[Date Prev][Date Next][Thread Prev][Thread Next][Date Index][Thread Index]
Ghosts in the Machine?
- To: Patrick G Konshak
- Subject: Ghosts in the Machine?
- From: Robert L. Vaessen
- Date: Fri, 15 Mar 2002 18:08:37 -0700
- Cc: Robert Garrity ,
- In-reply-to: <20020310.231140.-3780911.1.>
Law and order are what make up reality for us. Because we only
know (physically experience) those things that can be defined
within a framework of law and order.
I'm not exactly sure what is meant by your use of the term
chaos. I don't think that being able to move freely within the
matrix would constitute chaos. It would be exceeding our
I don't think that the matrix is composed of total chaos. I've
described the matrix as:
Simultaneously overlapping configurations of matter. The
simultaneously part described my rejection of time as part of
reality. I described the overlapping part as alternate nodes or
universes (multidimensionalism). Every possible node in the
matrix occupies the same physical space (I have no idea how big
that physical space is). The configurations of matter are those
probability nodes in the matrix. All these nodes are static and
unmoving. They comprise every possible event for every
consciousness within the matrix.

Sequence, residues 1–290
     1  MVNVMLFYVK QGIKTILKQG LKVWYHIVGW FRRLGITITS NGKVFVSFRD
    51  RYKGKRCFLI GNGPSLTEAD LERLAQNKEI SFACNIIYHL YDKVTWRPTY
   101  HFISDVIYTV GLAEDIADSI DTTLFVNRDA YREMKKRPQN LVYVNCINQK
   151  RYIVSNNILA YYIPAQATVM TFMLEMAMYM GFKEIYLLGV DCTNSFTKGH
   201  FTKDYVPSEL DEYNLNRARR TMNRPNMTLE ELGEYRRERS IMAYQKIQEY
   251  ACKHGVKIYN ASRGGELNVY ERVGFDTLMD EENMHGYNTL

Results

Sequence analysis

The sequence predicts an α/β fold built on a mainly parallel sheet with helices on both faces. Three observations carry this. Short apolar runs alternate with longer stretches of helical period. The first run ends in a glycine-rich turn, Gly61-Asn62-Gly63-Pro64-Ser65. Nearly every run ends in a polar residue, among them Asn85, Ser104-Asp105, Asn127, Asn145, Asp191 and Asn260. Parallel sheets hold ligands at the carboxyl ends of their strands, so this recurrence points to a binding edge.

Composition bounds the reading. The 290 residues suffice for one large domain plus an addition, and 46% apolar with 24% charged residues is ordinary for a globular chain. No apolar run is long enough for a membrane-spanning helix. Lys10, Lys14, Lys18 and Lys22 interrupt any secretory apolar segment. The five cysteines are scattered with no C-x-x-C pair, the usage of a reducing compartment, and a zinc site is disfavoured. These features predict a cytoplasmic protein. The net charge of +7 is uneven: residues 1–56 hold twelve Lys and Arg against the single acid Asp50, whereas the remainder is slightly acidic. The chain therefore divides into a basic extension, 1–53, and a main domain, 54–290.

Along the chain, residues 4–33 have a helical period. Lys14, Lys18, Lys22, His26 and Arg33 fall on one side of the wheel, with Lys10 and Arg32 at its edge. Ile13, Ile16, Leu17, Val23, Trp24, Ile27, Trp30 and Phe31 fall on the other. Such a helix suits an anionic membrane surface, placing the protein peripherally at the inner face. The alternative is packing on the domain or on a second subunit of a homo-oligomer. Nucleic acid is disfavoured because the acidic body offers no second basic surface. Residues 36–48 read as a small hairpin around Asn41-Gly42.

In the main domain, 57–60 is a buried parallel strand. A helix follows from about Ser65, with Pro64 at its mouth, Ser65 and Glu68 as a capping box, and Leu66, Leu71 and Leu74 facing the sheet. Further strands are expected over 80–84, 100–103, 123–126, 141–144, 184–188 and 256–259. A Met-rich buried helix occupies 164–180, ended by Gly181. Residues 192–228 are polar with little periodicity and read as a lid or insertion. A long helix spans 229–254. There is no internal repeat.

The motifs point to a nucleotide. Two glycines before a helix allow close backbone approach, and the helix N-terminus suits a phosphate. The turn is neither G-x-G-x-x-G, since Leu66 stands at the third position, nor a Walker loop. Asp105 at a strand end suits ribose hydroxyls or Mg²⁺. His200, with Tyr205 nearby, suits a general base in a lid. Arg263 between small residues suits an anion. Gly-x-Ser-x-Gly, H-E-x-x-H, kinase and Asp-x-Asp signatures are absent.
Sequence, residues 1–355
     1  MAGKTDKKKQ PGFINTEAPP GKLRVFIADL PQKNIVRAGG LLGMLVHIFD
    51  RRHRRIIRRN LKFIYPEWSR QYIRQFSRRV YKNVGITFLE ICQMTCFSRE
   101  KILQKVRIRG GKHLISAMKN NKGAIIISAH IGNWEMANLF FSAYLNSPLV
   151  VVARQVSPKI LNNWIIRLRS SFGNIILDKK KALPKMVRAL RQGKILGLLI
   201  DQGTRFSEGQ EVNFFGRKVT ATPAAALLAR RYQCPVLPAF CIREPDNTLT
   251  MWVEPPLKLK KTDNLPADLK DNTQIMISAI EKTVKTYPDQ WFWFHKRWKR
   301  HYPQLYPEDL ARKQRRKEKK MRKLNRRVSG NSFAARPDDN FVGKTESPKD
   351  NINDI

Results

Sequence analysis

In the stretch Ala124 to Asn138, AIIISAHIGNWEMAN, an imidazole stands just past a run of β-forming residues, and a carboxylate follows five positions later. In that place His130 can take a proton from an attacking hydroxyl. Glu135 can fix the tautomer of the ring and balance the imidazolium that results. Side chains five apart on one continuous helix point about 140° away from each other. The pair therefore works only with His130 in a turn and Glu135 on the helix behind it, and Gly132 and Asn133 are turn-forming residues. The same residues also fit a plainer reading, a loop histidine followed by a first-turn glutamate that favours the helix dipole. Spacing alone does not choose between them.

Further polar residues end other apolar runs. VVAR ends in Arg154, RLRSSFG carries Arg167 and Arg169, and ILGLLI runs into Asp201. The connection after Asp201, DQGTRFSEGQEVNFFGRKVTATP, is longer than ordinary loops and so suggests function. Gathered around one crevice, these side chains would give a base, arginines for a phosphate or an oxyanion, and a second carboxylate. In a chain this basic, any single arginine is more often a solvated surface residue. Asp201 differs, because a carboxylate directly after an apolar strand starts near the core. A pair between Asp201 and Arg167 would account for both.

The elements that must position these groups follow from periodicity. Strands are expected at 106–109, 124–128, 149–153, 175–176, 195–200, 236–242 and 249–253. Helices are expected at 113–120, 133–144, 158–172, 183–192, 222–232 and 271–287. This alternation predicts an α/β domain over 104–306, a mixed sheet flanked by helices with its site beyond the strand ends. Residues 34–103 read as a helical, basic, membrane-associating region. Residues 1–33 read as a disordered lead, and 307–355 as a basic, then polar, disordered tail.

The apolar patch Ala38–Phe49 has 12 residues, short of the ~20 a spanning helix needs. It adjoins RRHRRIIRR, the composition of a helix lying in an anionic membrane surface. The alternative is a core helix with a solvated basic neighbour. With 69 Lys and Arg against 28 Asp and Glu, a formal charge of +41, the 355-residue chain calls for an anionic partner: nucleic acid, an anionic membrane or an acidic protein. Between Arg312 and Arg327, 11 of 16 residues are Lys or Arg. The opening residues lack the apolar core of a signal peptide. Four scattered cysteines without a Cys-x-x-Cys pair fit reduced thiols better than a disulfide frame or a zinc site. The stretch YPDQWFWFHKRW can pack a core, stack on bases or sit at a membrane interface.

I believe that the matrix itself is very highly structured.
Completely unchanging (no such thing as time) and fixed into a
rigid framework. We (our consciousness' (and those of other life
forms)) are the only things moving in the matrix. We (our
consciousness) move from one node to another, along a specific
probability path. The path is not fixed, but its boundaries are
limited by a set of laws.
I believe that we (as a collective of like consciousness') are
bound by a set of physical laws that describe and limit how we
experience the matrix. All our experiences are filtered through
and limited by these laws. Where did these laws come from? What
are the laws? Do we know what all the laws are?
If we were able to operate outside these laws (restrictions), we
would be able to see the matrix as it truly is.
Less laws does not mean more chaos. I think that we have coined
the term chaos, because we're beginning to realize how little we
know, about the physical laws which describe our experiences
within the matrix.
On Monday, March 11, 2002, at 12:11 , Patrick G Konshak wrote:
Do you consider moving away from physical limitations (laws of physics)
as moving towards Chaos? Do you think the probability matrix
is made of
total chaos and that pockets (Trees) of law and order are what make up
reality? The more physical limitations the bigger the tree?
I was just trying to combine one of my idles with yours.
- From: Patrick G Konshak